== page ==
Undoubtedly this is the largest natural disaster to have hit Japan in decades. We will still need to follow the news to see what the final toll is, as well as to learn whether there were parts of the preparedness system that did not work properly. The most important lesson to take away is that concerted and rationally formulated mitigation methods do work in limiting the damage, even from a disaster on this scale.FrumForum writer Noah Kristula-Green • Offering some perspective on the Japan quake and tsunami from a disaster-preparedness angle. Kristula-Green, who lived in Japan during his elementary and high school years, recalls the constant earthquake and tsunami drills he had to do, just in case something happened. What’s interesting is the way he twists the whole issue on the U.S. — noting some recent arguments against such things. “There is a strain of libertarian and conservative thought which believes that public services and regulations are not just wasteful but are inherently incapable of ever being beneficial,” he writes. “The Japanese experience should lead to a reevaluation of that claim.” source (via • follow)
Honestly, this kinda bothers me. Hundreds of Japanese are dead or missing, and we only start caring once Americans are involved? Yes, it is just as sad that they died as anyone else, but out of hundreds, if not thousands, of people who are hurt or could be dead, we are just going to focus on these four, only one of whom is dead, because they’re American? People were freaking out about California and Hawaii with the tsunami coming in 8 hours, and while it is scary that that could happen, they got like three foot waves while Japan was under water within an hour. Americans are only worried about their own back yard, when the problems are much worse globally.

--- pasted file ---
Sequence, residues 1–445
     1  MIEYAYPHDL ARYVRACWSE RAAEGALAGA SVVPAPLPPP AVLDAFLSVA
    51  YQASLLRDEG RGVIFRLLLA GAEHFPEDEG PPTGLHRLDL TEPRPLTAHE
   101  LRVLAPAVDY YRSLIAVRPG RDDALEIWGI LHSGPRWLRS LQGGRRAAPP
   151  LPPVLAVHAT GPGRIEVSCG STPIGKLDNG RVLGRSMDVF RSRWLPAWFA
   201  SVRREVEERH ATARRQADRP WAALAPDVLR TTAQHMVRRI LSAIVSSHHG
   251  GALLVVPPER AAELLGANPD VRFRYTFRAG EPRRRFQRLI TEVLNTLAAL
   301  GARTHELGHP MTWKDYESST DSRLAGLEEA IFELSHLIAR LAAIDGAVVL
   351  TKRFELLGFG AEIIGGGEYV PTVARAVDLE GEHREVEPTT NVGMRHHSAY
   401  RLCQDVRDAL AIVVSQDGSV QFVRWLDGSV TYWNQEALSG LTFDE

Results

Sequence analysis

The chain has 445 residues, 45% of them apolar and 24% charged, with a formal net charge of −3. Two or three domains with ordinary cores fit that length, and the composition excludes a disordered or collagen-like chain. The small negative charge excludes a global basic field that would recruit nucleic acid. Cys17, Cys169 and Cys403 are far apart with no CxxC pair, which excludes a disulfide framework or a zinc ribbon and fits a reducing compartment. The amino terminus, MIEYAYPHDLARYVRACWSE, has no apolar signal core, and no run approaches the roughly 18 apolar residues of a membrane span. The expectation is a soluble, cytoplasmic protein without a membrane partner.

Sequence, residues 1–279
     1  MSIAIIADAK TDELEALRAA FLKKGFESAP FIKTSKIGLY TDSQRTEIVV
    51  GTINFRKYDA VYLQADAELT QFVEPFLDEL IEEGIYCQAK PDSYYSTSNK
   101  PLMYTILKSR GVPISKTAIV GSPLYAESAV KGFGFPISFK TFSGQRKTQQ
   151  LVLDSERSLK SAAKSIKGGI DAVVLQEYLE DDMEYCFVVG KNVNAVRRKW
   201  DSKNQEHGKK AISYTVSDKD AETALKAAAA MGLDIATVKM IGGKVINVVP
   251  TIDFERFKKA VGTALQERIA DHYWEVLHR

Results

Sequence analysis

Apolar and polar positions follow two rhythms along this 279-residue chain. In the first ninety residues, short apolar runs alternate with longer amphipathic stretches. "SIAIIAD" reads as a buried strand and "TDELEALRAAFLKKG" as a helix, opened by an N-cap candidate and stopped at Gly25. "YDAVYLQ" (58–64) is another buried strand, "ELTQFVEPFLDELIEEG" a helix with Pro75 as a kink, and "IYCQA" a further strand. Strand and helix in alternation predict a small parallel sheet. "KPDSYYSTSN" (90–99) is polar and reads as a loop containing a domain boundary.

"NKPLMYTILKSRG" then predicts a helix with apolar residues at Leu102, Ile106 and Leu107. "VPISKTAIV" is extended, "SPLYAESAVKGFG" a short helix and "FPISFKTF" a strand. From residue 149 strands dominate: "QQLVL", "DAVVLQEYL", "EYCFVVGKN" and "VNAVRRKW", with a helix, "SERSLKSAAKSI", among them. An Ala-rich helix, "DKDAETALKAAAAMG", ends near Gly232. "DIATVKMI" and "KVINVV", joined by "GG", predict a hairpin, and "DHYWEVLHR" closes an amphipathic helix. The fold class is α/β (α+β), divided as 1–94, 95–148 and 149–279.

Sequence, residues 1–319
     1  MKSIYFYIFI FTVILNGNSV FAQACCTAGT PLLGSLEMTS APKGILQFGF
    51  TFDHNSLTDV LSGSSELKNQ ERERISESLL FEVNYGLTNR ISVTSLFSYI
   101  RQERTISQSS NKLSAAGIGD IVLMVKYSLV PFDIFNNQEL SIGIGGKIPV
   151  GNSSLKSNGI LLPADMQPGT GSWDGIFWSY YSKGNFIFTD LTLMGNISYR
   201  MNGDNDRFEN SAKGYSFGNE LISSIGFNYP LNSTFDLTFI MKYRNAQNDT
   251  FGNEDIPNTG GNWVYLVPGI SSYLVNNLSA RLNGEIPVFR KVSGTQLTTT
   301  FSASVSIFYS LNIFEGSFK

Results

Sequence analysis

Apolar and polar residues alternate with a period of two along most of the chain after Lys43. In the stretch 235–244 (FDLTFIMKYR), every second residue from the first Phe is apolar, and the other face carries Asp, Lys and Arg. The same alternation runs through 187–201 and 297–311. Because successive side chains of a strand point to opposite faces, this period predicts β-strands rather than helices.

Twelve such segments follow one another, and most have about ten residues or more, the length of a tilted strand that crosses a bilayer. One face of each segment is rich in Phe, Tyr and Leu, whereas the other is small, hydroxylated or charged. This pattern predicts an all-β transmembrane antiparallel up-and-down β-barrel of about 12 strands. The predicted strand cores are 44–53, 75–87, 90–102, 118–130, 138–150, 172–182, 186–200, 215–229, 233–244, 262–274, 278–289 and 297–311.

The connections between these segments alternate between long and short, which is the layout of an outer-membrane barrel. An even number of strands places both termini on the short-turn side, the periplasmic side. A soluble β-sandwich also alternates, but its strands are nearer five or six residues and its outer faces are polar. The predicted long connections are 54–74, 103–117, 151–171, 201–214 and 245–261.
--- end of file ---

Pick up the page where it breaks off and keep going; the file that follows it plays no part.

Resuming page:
We (and many other folks on Tumblr) spent many hours last night covering the quake from every angle — and only about four of the roughly sixty posts we’ve made since 1 a.m. have been about how the tsunami directly affects the U.S. We understand where you’re coming from because a lot of people get frustrated about the U.S.-centric nature of handling world events, but at the same time, that’s not what we’re doing. We hope you reconsider your stance.
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» We couldn’t have said it better: “Japan is possibly the most prepared country in the world,” says the International Rescue Committee’s Michael Kocher. ”But obviously the scale of this is tremendous and that will sorely test even Japan’s capacity.”
* – Why we’re wary of the death toll numbers: The dramatic scale of this disaster does not encourage firm estimates, so we’d like to offer these numbers, which some of our readers have asked for, with a warning: They’re subject to change. This incident is far too huge to offer hard statistics right now. For example: Police in Sendai said that there were 200-300 bodies on the shore at least. Considering the scope of the disaster in Sendai alone, it’s entirely possible that many more will be found. Maybe in a few days we’ll have a better idea.